Democratic Sen. Tina Smith says it is premature to consider impeaching President Donald Trump for allegations outlined in special counsel Robert Mueller’s report, but does favor continued congressional investigations, particularly into obstruction of justice allegations against the president.

“I think it’s really important to hear from Mueller in more detail in his thinking about the obstruction issues,” the Minnesota senator said. “I think Congress does have an important role to provide oversight over what happened here.”

The DFL senator was in Rochester Thursday, touting her legislation to boost mental heath services for students during a visit to Ben Franklin Elementary School.

Smith also stopped by the Rochester Post Bulletin to talk on a range of issues, including her reaction to the Mueller report, which she said she had read last Friday.

But since reading it, Smith said she was struck by the “pervasive and systemic” nature of Russia’s interference into the 2016 presidential election and how it was aimed at helping Trump and hurting Hillary Clinton.

“There is just no way of looking at all of that evidence and coming to any other conclusion,” Smith said.

Smith also said she favored creating a 9/11-type commission that would make policy recommendations for safeguarding the U.S. election system and to make sure there is no repeat of what happened in 2016.

Smith said she was bothered by reports that the president is unwilling to hear anything about the role the Russians played in interfering in the election “for fear that it would undermine the legitimacy of his presidency.”

That attitude is harming congressional efforts aimed at bolstering the U.S. electoral system as Republican senators take their lead from the president. She said a proposal developed by Sen. Amy Klobuchar and other senators would direct resources to states and help protect the integrity of the ballot box, but the bill is stuck in a rules committee because of the sense that the president doesn’t “want to do anything like that.”

“To me, that is just unacceptable,” Smith said.

Asked about the upcoming 2020 election, in which she will be seeking re-election, Smith predicted that health care would continue to be a dominant concern of voters.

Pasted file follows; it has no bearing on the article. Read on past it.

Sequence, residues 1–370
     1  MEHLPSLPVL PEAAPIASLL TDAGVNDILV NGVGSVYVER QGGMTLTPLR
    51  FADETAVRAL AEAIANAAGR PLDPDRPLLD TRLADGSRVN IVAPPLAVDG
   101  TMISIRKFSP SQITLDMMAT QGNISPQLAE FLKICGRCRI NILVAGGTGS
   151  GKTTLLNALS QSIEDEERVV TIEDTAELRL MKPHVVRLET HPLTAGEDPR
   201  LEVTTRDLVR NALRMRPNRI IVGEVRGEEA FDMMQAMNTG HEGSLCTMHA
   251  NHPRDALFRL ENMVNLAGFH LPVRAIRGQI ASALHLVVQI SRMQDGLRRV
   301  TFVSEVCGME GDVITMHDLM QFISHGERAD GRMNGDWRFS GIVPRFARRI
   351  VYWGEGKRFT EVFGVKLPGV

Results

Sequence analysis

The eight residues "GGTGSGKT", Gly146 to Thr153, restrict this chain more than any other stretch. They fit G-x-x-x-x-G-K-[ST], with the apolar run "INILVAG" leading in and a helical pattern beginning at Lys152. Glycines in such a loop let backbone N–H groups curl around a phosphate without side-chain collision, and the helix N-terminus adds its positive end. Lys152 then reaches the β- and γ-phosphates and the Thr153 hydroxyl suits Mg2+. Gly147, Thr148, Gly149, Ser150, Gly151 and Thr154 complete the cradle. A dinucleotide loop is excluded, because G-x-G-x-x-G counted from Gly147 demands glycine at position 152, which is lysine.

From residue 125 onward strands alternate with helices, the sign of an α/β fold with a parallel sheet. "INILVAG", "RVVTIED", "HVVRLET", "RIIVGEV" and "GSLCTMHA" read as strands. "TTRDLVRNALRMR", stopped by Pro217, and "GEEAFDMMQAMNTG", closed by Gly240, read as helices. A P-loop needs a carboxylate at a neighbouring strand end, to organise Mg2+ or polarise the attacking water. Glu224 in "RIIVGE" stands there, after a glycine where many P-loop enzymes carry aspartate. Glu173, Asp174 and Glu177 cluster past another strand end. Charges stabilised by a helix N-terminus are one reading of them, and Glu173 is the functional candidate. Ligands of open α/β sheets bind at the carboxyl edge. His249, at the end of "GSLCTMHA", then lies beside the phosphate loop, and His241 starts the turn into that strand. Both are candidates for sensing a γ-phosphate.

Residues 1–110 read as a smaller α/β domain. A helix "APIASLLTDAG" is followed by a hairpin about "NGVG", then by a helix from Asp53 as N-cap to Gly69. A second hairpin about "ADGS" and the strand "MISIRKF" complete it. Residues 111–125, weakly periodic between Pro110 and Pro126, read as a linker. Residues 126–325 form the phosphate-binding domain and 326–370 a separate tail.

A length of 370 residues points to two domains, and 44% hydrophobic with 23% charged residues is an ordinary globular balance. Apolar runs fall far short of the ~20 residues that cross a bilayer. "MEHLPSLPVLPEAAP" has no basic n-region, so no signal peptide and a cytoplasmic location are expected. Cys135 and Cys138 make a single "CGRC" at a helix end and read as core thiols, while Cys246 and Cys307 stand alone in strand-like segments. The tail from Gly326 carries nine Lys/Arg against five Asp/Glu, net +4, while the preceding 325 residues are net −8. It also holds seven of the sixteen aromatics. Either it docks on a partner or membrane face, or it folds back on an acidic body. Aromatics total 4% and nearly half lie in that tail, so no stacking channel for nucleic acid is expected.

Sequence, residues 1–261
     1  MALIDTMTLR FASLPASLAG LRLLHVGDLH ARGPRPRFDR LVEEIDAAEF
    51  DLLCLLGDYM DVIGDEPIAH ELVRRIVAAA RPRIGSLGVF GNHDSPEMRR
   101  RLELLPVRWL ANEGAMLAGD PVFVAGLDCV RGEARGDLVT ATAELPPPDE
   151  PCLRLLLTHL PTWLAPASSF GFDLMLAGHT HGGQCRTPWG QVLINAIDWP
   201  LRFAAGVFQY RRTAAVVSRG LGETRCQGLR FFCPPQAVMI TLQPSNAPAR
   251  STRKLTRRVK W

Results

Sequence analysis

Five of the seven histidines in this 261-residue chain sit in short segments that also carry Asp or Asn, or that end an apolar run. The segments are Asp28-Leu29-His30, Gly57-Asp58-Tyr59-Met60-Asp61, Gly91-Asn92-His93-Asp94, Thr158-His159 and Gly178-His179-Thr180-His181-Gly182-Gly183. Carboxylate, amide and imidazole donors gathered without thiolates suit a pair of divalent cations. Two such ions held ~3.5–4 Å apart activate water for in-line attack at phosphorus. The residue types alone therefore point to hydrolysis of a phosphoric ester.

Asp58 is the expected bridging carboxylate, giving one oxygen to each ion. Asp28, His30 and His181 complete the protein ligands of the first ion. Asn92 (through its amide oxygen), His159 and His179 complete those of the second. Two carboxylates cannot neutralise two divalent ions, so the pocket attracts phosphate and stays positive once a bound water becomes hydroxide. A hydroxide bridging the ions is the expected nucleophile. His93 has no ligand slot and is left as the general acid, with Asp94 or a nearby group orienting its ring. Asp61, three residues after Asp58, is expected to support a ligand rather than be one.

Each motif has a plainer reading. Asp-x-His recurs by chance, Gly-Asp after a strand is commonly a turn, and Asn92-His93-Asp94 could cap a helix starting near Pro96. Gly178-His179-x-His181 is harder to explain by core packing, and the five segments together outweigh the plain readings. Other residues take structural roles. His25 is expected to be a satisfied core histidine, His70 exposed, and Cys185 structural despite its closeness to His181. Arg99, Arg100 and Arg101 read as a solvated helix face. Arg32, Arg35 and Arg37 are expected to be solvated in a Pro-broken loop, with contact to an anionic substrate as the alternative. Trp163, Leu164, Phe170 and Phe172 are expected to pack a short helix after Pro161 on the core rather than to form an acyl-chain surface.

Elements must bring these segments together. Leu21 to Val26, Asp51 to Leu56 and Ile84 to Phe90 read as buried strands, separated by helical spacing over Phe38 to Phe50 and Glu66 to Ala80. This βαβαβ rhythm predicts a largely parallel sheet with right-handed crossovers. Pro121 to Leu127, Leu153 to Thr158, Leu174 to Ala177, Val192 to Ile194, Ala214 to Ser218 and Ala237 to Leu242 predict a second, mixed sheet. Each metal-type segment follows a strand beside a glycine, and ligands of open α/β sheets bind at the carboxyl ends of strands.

The issue will remain a high-profile one as long as people worry that they won’t be able to afford health care and prices for drugs, such as insulin, continue to skyrocket.

“(People feel) there is something fundamentally unfair about how this is all working. I heard that so much in rural parts of the state,” Smith said.

Smith said she did not support Democratic presidential candidate Bernie Sanders’ Medicare-for-all bill, but instead favored a proposal that would allow people as young as 55 to opt-in to Medicare.

“I have a high regard for the challenges of implementing a massive systems reform, having lived through the implementation of the Affordable Care Act,” Smith said. “I’m very interested in approaches that are going to create universal health care.”

Smith said her mental health bill would direct services to students. One in five young people struggle with mental health problem, but often have a hard time getting services. Schools are an ideal setting to recognize students who have mental health needs and connecting them with services.

Her legislation provides $200 million in grant dollars to local agencies, tribal schools ad community-based organizations to forge partnerships and train teachers and others to recognize when a student is experiencing a mental health crisis.

Smith was elected to her senate seat last November in a special election to complete the term of Al Franken, who resigned in the wake of sexual assault allegations. She is up for re-election in 2020.

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